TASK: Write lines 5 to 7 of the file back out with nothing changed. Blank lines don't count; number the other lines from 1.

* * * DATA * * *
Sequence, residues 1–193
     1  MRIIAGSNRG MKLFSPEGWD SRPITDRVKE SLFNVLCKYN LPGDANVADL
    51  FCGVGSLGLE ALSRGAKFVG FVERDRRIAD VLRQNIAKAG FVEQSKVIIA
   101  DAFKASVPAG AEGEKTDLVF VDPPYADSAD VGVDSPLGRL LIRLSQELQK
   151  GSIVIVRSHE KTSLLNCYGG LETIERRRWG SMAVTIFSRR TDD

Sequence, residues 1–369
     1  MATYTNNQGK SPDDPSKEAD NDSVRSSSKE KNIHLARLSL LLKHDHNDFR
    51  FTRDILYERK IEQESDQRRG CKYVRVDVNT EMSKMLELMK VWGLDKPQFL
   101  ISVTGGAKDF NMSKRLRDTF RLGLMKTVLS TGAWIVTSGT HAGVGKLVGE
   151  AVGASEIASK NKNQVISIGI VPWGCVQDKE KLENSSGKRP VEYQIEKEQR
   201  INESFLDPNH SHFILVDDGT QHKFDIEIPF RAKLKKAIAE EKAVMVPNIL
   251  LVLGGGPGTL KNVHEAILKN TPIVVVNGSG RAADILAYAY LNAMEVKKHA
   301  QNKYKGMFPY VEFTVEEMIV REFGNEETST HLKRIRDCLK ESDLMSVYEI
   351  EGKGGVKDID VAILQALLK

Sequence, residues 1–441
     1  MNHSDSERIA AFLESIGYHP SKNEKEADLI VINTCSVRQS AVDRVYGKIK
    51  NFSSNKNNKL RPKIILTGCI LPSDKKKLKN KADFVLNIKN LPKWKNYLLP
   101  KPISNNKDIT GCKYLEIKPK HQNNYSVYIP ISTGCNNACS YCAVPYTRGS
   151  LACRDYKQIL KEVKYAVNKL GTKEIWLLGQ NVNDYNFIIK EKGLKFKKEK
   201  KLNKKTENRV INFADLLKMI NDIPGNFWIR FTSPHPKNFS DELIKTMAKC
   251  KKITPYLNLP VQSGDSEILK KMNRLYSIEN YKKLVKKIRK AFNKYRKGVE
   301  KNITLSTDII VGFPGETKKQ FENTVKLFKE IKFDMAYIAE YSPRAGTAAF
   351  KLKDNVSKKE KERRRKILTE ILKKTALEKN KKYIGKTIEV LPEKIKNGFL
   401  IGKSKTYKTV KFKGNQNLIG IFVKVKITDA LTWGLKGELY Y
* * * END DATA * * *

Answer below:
   151  GSIVIVRSHE KTSLLNCYGG LETIERRRWG SMAVTIFSRR TDD

Sequence, residues 1–369
     1  MATYTNNQGK SPDDPSKEAD NDSVRSSSKE KNIHLARLSL LLKHDHNDFR